My Favorite 40m "DX" Antenna
NOTE: This is not a plug-n-play antenna. If you want it to work properly, you will need a means of measuring SWR, some trial and error, a little patience and at least half-a-brain to build this.
Of course I would rather have a full size, 3 element Yagi at 110 ft., but the reality is, I'll never be able to afford that antenna, or the QTH where I could install it.
With age I have learned to couple my dreams with realities. I no longer shoot for the stars. I prefer to shoot for targets I can easily hit.
Most people who want to have a good DX signal on 40m but can't afford a beam, turn to a quarter-wave vertical. Though I often do that too, whenever I can, I put up something better; a 40m delta mono-loop. Granted, if I could lay down 100+ radials, the vertical would probably work just as well, but first of all I'm too lazy to do that and second: the cost.
This antenna is a full wavelength single-delta-loop, with the point of the triangle at the top of the single support pole, and fed near one of the corners - One Quarter Wavelength down the diagonal leg.
Feeding and matching is simple; it's fed with a quarter-wavelength of RG-11 or RG-59 (75 Ohm) coax, and then any length of 50 Ohm coax. No balun is necessary, though an RF-choke is advantageous. The easiest solution here is to slip ferrite beads of high permeability over the coax and secure with heat-shrink tubing.
Advantages over a full size quarterwave vertical with a good radial network:
- 2-dimensional (will fit in a long, narrow space) - radials should normally be in all directions.
- About 1 dB gain, but that's not the real advantage
- Quieter on receive
- More broadbanded resonance than a dipole or vertical
- Yet like a Vertical, pretty much Omni-Directional (due to its low height)
Advantages over a horizontal dipole (at 11m height):
- Lower angle of radiation
- Stronger signal for DX contacts (usually +2 S-Units)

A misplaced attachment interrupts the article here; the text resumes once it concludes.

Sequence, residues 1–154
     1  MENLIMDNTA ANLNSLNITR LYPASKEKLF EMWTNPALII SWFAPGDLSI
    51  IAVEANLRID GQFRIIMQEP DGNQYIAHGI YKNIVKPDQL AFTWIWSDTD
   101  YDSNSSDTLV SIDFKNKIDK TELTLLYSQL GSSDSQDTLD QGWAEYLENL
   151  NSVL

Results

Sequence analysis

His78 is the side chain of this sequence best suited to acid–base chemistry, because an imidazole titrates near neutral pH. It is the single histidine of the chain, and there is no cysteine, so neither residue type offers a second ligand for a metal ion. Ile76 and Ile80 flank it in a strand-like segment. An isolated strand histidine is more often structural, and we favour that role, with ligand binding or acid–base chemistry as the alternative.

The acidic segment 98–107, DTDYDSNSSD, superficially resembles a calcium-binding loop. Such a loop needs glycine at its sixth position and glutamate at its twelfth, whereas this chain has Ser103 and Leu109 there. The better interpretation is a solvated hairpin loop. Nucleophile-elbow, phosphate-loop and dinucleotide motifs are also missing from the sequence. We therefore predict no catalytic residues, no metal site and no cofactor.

- Local QRM is weaker (usually a few S-Units), thus less QRM
- More wire hanging in the air
- More conspicuous to the neighbors
- Not as good as a low dipole for local (NVIS) QSOs (this is an understatement)
I first became aware of this antenna from an article written by DL1BU (SK) in CQDL magazine, April issue, 1979, page 154. I built the antenna immediately and fell in love with it. It is low cost, easy to build and easy to bring into resonance. Note, I use the term "resonance" loosely here. What I actually mean is it is easy to tune the frequency of minimum SWR to anywhere you please, because it is broad-banded so you only have to get close.
I have used this antenna many times in contests and on expeditions, and occasionally I even built one for 80m. I was always pleased with its performance.
Unfortunately I do not have any pictures, so you will just have to look at my drawings.
Why no pictures?
If you get far enough away from it to get the whole antenna into the camera's view finder, you can't see the wire.
IMPORTANT: DO NOT PLACE TOO MUCH EMPHASIS HERE ON THE OVERALL LENGTH or any other length. REASON: See Sidebar on "LENGTHS" at the bottom of this section.
TUNING THE ANTENNA:
After installing the antenna, measure the SWR to find the resonance of the antenna and note it. The antenna is probably too long. Adjust length as necessary.
MAKE ALL LENGTH ADJUSTMENTS IN THE HORIZONTAL LEG OF THE ANTENNA.
The antenna is not symmetrical and there is no advantage to trying to shorten or lengthen both diagonal legs. Make the adjustments at the insulator. If you cut the antenna too short, you can just add a loop of wire [JUMPER] and leave it hanging from the insulator. That is usually enough to bring it into resonance on the desired frequency. For home use, the JUMPER is not necessary, but if you are using this portable, you will be adjusting the length a lot and this makes it easy.
SIDEBAR ON "LENGTHS"
I get lots of questions about "lengths" and it’s almost always the same question and always the same answer: